Chairman Chris Van Hollen's Democratic Congressional Campaign Committee vastly outspent its Republican counterpart heading into Election Day.
The Democratic Congressional Campaign Committee outspent its Republican rival by more than $23 million in the weeks leading up to Election Day, a massive disparity aimed at protecting dozens of vulnerable House incumbents who ultimately fell amid historic Democratic losses.
The DCCC and the National Republican Campaign Committee spent more than $86 million combined in the five-week period from Oct. 14 to Nov. 22, according to updated filings reported with the Federal Election Commission on Thursday night. The NRCC spent $31.3 million, compared with the DCCC’s $54.8 million in that five-week period.
And while both committees borrowed heavily to fuel their 11th-hour spending sprees, the DCCC finished the period with debts of more than $19.4 million, including nearly $4.5 million in unpaid bills and another outstanding Bank of America loan of $15 million. The NRCC, meanwhile, reported debt of $12 million, having drawn from a $20 million line of credit. Putting the debt aside, each committee finished the period with modest cash balances: $4.7 million for the Republican committee and $3.1 million for the Democrats.
The numbers released Thursday evening do not include tens of millions of dollars more in spending by the campaign committees for Senate Republicans and Democrats and the Republican and Democratic national committees. But they are the first to detail exploding spending levels amid a growing House playing field that produced a GOP net gain of at least 63 seats and the House majority.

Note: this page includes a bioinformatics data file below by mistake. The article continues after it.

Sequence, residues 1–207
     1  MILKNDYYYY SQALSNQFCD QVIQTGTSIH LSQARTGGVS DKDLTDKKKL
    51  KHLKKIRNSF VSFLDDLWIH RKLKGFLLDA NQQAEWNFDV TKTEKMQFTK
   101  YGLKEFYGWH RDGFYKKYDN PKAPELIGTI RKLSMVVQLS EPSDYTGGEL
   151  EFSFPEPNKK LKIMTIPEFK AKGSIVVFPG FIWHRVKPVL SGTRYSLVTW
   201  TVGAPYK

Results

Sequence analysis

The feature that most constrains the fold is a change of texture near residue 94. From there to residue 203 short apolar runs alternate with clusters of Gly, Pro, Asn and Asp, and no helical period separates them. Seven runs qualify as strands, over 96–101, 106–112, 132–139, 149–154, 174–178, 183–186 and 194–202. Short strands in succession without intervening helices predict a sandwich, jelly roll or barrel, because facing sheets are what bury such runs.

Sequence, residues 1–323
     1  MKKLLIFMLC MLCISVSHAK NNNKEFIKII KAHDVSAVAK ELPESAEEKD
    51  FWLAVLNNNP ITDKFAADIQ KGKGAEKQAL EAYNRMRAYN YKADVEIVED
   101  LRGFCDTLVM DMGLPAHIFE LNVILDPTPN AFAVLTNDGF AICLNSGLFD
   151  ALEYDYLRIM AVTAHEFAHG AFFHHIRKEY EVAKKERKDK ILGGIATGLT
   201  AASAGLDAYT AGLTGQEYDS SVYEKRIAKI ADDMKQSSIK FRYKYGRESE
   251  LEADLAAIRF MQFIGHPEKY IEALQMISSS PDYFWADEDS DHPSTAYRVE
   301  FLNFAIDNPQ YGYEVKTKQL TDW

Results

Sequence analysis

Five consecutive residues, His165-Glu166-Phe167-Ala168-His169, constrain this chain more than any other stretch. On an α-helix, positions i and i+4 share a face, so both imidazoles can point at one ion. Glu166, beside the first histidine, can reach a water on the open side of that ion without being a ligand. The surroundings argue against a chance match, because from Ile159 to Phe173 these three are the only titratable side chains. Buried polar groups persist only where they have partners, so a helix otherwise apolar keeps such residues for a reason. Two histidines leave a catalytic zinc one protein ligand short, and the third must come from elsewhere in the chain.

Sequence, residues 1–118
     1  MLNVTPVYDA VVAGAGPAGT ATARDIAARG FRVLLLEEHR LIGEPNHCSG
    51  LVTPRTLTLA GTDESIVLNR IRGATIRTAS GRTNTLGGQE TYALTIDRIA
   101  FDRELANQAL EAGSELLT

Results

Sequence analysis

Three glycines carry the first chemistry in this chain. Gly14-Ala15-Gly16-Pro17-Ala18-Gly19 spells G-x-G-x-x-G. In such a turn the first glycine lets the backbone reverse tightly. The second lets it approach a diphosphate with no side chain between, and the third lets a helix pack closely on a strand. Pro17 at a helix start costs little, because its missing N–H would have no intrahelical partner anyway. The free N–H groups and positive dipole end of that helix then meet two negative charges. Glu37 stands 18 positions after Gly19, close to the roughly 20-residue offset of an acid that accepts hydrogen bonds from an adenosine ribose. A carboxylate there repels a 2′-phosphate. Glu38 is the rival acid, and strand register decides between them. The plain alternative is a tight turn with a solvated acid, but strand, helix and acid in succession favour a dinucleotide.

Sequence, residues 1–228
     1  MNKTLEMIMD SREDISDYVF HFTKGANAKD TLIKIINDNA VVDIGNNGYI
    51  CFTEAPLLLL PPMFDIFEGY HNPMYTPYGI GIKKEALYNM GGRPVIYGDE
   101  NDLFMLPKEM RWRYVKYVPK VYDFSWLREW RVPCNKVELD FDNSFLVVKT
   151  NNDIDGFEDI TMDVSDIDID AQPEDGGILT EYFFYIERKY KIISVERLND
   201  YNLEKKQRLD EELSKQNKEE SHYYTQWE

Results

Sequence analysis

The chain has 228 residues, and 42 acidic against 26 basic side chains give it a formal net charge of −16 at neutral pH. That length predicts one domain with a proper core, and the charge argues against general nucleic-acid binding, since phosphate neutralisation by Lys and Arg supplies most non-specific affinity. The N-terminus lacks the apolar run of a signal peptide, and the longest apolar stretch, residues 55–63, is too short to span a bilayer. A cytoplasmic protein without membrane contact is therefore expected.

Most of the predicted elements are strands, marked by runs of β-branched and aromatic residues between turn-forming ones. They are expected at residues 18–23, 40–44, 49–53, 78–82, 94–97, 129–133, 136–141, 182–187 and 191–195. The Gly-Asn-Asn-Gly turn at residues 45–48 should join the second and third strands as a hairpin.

For the entire two-year cycle, DCCC spending exceeded $122 million, according to FEC filings. The NRCC, by comparison, spent less than $95 million.
The reports show that Democrats pumped hundreds of thousands of dollars into districts across the nation where incumbents ultimately lost.
In Pennsylvania’s 10th district, for example, the DCCC spent more than $400,000 in the three weeks before Election Day to defeat Republican Tom Marino, who defeated Rep. Christopher Carney. Overall, the DCCC put $581,000 into that race.
It was much the same case in New York’s 19th district, where the DCCC spent nearly $493,000 — including a $409,000 independent media buy on Oct. 21 — to defend Rep. John Hall, who was later defeated by Rep.-elect Nan Hayworth (R).
And in Florida’s 2nd district, Rep. Allen Boyd lost by 12 points to Republican Steve Southerland, despite a DCCC investment of $338,000 — most of it coming after Oct. 15.
If there was any bright spot for Democrats in Thursday’s numbers, it’s that they outraised the NRCC $33.1 million to $12.7 million. But that’s little comfort for a party that suffered its worst losses in more than seven decades.
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Terri Henderson, 6, center, whose mother is El Salvador, attends a rally with members of Congress at Union Station's Columbus Circle to announce the Restore Opportunity, Strengthen, and Improve the Economy (ROSIE) Act on July 29, 2014. The legislation provides incentives for government contractors to pay a living wage and other benefits that would help low-income workers.